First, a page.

Mars Global Surveyor
Mars Orbiter Camera (MOC)

MOC Images Suggest Early Mars History is Recorded in Sedimentary Rocks

MGS MOC Releases MOC2-259 to MOC2-265, 4 December 2000

Earth's history is recorded in its rocks. Layers of sediment, compressed and cemented to form rock, tell tales of the comings and goings of seas, mountain ranges, rivers, volcanoes, and deserts. Earth's sedimentary rocks record changes in climate and biodiversity over time. Most of what is known about Earth's past comes from the study of layered rock and the materials---grains, structures, and fossils---found within them.

Mars Global Surveyor (MGS) Mars Orbiter Camera (MOC) images have very high resolution, allowing detection of objects the size of school buses and airplanes. Such images are comparable to the aerial photographs used by geologists on Earth to plan their fieldwork in areas of layered sedimentary and volcanic rock. Hundreds of MOC images have revealed outcrops of layered rock exposed by erosion and faulting in craters and chasms on the red planet.

Martian sedimentary rocks are just now beginning to reveal clues about the planet's complex early history. "Early Mars" refers to a time thought to have been more than 3.5 billion years ago, a period when the planet was young and impact craters---created by meteors, asteroids, and comets hitting the surface---were forming more frequently than they do today.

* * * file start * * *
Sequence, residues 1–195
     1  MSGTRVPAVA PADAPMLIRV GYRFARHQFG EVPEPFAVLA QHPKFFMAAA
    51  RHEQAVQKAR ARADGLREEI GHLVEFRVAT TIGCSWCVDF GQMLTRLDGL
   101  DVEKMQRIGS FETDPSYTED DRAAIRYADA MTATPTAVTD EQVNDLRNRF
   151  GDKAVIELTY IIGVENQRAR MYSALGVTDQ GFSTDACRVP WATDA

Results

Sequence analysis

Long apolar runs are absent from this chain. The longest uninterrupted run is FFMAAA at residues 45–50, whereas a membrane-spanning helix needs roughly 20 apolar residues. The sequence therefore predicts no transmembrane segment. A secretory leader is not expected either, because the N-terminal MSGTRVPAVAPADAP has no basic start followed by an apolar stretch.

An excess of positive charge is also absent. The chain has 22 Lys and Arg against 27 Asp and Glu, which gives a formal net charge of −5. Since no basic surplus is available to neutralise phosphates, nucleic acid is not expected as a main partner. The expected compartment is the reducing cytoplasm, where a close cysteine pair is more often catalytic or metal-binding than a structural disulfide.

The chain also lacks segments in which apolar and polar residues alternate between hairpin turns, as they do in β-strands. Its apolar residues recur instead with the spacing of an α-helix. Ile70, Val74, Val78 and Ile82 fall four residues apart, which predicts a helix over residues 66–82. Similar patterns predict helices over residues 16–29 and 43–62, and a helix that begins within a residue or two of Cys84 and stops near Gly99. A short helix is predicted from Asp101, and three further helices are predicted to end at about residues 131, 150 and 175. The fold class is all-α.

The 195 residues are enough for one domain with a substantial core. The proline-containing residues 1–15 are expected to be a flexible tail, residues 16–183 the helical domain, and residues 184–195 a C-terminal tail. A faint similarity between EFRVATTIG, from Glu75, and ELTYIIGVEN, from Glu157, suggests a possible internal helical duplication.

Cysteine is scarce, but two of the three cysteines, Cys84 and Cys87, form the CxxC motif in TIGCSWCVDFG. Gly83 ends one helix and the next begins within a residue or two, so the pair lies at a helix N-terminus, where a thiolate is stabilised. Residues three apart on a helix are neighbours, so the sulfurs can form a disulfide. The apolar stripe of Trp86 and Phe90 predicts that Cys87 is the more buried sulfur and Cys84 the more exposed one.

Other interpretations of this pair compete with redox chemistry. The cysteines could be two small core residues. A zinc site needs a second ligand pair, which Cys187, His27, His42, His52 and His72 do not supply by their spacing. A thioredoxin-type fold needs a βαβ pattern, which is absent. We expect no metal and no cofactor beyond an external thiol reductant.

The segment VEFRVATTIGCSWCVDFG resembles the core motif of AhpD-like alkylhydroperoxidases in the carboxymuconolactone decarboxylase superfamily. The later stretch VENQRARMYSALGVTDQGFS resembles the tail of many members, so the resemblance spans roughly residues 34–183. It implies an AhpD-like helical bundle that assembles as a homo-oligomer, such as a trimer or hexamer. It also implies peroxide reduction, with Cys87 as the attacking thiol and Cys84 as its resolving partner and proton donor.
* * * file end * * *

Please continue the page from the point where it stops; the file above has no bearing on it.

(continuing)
The history suggested by the martian sedimentary rocks may have included warm, wet climates with thousands of crater lakes (i.e., with liquid water) that persisted for millions of years. Alternatively, the rocks might be recording climate changes and thick deposits of airborne dust formed on a much colder, drier world than many have suspected. In either case, the images indicate that early Mars was very different from the planet today, and its history---recorded in rocks---beckons further exploration.

The evidence for sedimentary rocks and their record of early martian history is described in a paper by MGS MOC scientists published in the December 8, 2000, issue of the journalScience; the abstract and paper may be viewed on-line or downloaded from the Science web site (see links below). The pictures accessed via the links below illustrate some of the attributes of martian sedimentary rock. Interested individuals may also find hundreds of additional examples in places such as the Valles Marineris, western Arabia Terra, northeastern Hellas, and Terra Meridiani, by searching through the 57,500+ images of the MGS MOC Gallery.

Download the abstract from Science
Download the full article from Science

W Candor Chasma

Gale Crater Mound

8°N, 7°W Crater

Holden Crater

Marineris Walls

Pollack Crater

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